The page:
But that checks out, doesn’t it? Bradley is named as the author of the Placehacking post. And if you put that serial number into this little utility you find other pictures on the Internet that it’s taken. And as they tend towards the aerial, I’m happy to believe that Bradley’s Nikon was put to good use. Or else a great deal of attention to detail has been put in to add this “credible” metadata to some bodged together pics.

Now the Silentuk post is written by (or at least the comments this evening are appearing under the byline of) “Otter”. But that’s ok, because Google seems happy that Bradley and Otter have been associated before in reports of other exploration missions. And Otter is using his own camera, a Canon 550D, which explains the difference in metadata, and indeed image quality.

What about that lovely gigapixel image (the huge panorama) on the Silentuk post though? As with all the Silentuk versions of the images, the metadata is largely blank. This isn’t dodgy, as many normal things that happen during editing and format conversion can strip out metadata. But it does have a “created date”. Of 10 Jan 2011. Three weeks before the likely date of this adventure. Interestingly, another of the Silentuk shots has a created date of 1 Jan 2011, at 2.27am. How do we account for that?

Enough of the metadata, what of the images? I’ll focus on the D90 ones.

The first thing that caught my eye was the deep field of focus, especially on shots like that self-portrait mentioned above. The guy’s face is (reasonably) sharp; and so is the city behind. The second thing that’s immediately obvious is just how much light has been captured from the city below in lots of the images. Things like the highly luminescent reflections on the river, and the “starbursting” of some of the lights suggest that these weren’t particularly wide aperture (but we’ll check this in the metadata again in a moment).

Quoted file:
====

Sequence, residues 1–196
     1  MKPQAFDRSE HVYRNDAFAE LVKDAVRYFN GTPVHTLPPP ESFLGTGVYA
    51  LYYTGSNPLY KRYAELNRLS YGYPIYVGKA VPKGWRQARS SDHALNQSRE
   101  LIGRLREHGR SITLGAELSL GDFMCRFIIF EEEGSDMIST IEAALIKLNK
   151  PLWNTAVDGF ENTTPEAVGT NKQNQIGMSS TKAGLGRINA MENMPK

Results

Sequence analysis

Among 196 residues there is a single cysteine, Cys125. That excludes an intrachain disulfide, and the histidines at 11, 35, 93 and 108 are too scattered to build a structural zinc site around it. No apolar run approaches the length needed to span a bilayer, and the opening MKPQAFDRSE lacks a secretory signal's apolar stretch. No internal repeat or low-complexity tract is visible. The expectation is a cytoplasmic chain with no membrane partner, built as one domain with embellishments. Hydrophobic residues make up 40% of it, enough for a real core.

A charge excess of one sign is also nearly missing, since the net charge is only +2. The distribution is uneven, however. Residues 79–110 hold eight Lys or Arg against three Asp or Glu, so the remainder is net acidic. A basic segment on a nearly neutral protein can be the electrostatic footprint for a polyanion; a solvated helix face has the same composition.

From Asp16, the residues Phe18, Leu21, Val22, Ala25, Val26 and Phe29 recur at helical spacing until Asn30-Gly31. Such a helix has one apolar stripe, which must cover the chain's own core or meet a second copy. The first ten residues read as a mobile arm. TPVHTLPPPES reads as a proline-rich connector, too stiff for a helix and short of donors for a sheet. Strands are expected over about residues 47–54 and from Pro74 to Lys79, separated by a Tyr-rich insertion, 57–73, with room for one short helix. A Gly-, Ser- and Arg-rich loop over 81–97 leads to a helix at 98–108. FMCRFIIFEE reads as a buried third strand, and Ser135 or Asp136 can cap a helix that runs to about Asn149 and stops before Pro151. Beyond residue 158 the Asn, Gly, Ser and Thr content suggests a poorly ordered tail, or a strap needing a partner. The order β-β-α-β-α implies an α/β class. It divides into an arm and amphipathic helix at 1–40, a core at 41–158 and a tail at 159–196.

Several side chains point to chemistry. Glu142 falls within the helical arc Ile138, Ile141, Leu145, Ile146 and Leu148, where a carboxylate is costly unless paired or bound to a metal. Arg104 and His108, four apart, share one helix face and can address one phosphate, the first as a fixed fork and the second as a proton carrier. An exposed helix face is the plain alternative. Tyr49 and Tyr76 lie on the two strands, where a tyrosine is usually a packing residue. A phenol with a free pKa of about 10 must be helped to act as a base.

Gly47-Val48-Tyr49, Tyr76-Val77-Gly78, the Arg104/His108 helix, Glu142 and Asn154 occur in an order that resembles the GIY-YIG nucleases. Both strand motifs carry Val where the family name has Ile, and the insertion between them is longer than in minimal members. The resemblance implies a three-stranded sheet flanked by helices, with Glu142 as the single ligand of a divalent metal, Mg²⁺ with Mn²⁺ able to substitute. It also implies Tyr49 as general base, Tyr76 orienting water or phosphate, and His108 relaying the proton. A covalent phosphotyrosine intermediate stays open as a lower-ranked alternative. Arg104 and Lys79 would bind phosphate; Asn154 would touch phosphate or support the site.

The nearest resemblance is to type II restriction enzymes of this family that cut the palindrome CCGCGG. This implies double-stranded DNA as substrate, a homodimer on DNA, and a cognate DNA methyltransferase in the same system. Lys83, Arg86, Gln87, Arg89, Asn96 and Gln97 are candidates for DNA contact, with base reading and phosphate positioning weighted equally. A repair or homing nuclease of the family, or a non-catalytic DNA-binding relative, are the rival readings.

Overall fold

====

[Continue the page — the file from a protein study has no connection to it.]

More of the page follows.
What the images do suggest is long exposures. Really quite long. So back to the metadata–and there it is: a moderate/tight aperture (f/8.0), a high quality, low sensitivity ISO setting (125) and a whacking great FIFTEEN SECONDS of open shutter. Yes, that all makes sense. But to get the subject’s face that sharp; held still for 15 seconds? In the reported windy conditions? Judge for yourself. Try taking a 15 second exposure of a friend holding their head still (even assuming you do fix the camera steady and they’re not clinging to a ladder high in the sky in a howling wind with their muscles cramping).

And the exposure balance–between foreground and background? It’s beautifully done, no doubt about that. This image in particular impressed me. Really impressed me. To get that amount of foreground detail (a readable newspaper tucked in the cab!) as well as a superbly exposed city background–well, hats off to the photographer for that, and all the other great captures fired off in what he reports as a very short stay at the top.